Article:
## 4. Results

#### 4.1. Distributed and Collocated Massive MIMO Sum Capacity

**G**

^{raw}has been normalized considering the two normalization methods presented in (4) and (5), i.e., N1 and N2. Moreover, a typical SNR value of 10 dB has been considered to calculate the capacity.

**g**

_{q}. With this normalization, it can be observed in Figure 4 that the C-mMIMO channel presents a sum capacity with a median value 3 bit/s/Hz below the i.i.d. Rayleigh channel. This reduction can be explained by means of the CDF of the ICN presented in Figure 5, showing for this case the lowest ICN median value, around 0.07, which is associated with a low orthogonality between at least two sub-channels. Conversely, for the D-mMIMO channel, the sum capacity is very close to that of the reference channel. The widespread spatial distribution of the antennas on the BS side provides very different channels between each UT and each one of the BS antennas; thus, the elements in the

**G**matrix present a different and independent fading. The effect of this macro diversity over the orthogonality between the user sub-channels is confirmed through the analysis of the ICN performance shown in Figure 5, which is close to that of the i.i.d. Rayleigh channel.

**G**, in particular in the C-mMIMO channel, where the imbalance is higher than for the D-mMIMO case.

_{2}, UT

_{6}, and UT

_{8}for C-mMIMO and UT

_{2}and UT

_{8}for D-mMIMO) and lower than 1 for the rest of UTs, those under NLOS conditions. In fact, it is in these NLOS situations where the D-mMIMO channel, with gains from 0.4 to 0.8, outperforms C-mMIMO, which presents very low gains, in the range of 0.01–0.07. These gains are higher in the D-mMIMO channel thanks to the widespread distribution of the BS elements which, in general, reduces the propagation losses and makes them more uniform for all the UTs, i.e., it reduces the power imbalance. Thus, although D-mMIMO with N2 does not introduce any power control, its distributed architecture tends to receive at the BS a similar average power from all the UTs.

#### 4.2. Distributed and Collocated Massive MIMO Spectral Efficiency

**G**matrices. Thus, the ICN, which quantifies the degree of ill conditioning of the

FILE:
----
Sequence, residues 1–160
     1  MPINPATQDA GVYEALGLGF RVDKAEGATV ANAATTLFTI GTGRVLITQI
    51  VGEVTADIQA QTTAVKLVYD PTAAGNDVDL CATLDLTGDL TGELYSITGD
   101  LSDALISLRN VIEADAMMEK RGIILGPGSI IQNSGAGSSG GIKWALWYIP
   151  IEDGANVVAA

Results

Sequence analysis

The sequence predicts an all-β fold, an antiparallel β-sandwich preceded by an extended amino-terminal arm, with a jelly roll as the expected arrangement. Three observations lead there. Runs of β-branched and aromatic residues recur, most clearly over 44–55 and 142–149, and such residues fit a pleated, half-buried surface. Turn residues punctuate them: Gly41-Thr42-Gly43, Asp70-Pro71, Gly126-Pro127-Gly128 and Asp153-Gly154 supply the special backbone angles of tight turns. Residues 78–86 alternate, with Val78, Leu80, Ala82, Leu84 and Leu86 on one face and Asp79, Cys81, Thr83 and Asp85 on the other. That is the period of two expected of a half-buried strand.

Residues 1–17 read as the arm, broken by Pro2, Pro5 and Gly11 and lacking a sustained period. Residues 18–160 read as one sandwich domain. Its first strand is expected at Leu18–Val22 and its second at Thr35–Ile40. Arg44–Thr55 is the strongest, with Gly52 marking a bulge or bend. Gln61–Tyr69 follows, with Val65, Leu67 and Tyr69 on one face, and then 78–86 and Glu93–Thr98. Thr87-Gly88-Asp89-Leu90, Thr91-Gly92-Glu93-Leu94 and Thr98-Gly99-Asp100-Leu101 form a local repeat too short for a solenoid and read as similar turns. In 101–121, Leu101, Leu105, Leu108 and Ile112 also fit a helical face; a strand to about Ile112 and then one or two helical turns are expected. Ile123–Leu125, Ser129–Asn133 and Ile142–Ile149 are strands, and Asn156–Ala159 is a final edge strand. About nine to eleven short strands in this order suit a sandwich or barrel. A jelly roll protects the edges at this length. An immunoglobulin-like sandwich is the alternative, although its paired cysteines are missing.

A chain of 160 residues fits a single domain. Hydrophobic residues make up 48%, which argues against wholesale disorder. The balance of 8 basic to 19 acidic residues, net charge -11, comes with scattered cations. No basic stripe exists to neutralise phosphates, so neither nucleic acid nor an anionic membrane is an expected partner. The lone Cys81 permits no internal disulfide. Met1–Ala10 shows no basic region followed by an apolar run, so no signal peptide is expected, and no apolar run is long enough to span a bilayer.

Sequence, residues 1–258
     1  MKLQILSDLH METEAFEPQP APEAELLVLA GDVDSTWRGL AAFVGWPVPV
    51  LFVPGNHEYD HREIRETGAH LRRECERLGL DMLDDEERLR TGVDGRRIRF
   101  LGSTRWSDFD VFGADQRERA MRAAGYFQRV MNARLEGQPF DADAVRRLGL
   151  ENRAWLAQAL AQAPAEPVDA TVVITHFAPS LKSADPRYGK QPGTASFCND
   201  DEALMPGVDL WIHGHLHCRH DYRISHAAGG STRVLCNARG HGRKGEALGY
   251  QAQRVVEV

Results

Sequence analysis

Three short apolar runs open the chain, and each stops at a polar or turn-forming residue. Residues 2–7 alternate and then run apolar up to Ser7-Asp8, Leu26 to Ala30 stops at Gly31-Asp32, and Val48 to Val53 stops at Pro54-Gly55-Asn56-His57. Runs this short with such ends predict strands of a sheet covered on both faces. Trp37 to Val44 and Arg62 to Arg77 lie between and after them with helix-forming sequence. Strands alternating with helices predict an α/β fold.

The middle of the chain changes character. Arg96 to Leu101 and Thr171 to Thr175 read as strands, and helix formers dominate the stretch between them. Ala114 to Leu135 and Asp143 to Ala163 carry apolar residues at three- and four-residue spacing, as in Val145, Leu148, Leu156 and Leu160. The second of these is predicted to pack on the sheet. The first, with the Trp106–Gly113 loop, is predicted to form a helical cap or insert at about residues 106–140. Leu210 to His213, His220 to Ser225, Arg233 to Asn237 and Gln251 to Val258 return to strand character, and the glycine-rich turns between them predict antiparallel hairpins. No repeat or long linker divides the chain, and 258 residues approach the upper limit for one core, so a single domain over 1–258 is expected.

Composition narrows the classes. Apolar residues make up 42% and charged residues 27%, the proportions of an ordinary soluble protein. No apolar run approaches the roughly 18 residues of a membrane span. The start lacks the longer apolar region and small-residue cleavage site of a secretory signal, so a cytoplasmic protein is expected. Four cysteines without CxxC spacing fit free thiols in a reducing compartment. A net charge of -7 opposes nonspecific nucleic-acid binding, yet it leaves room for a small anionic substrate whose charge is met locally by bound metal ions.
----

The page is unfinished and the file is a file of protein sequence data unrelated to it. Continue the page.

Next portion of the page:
**G**matrix, is also a good indicator of the amplification degree of the noise level. The previous section already showed that the C-mMIMO channel matrix is ill conditioned with an ICN median value much lower than 1, ICN = 0.06, which contrasts with the median ICN value of 0.29 obtained for the D-mMIMO channel, as shown in Figure 5. Therefore, this degree of ill conditioning is responsible not only for the lower capacity values, but also for the higher degradation of the SE in the C-mMIMO channel compared to the D-mMIMO one.

_{7-8}), in which the C-mMIMO channel reaches its best SE values and almost equals that achieved by the D-mMIMO one.

_{3}) to 8.2 bit/s/Hz (UT

_{8}), according to the results given in Table 4. These values contrast with those associated with the D-mMIMO channel shown in Figure 10b, which are concentrated in a narrower range, between 5 (UT

_{5}) and 7.4 (UT

_{8}) bit/s/Hz. Jain’s Fairness Index quantifies this great variability in the C-mMIMO channel between UT locations, leading to a JFI of 0.57, compared with JFI = 0.98 when considering the D-mMIMO channel.

_{6}and UT

_{8}. However, at NLOS locations, the SE suffers a high degradation. However, the D-mMIMO channel performs very well in both cases, with UTs under LOS and NLOS conditions. In LOS locations, the SE is slightly lower than in C-mMIMO channels. However, in general, in the NLOS situations, the distributed architecture involves lower propagation losses; thus, significantly higher SE values can be achieved. In fact, the performance of D-mMIMO is similar to that of the C-mMIMO channel at LOS locations, as it occurs with UT

_{2}and UT

_{6}.

## 5. Conclusions

**G**matrices, as is the case of the concentrated channel versus the distributed one, as confirmed from the observation of the measured ICN performance.

## Author Contributions

## Funding

## Data Availability Statement

## Conflicts of Interest

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**Figure 1.**Top view of the indoor office environment: (

**a**) General overview of the measurement environment; (

**b**) Zoom of the central part of the floor considered in the experimental analysis, including positions for both UTs and receiver trajectories.

**Figure 2.**Schematic of the concentrated massive multiple-input multiple-output (C-mMIMO) channel sounder: (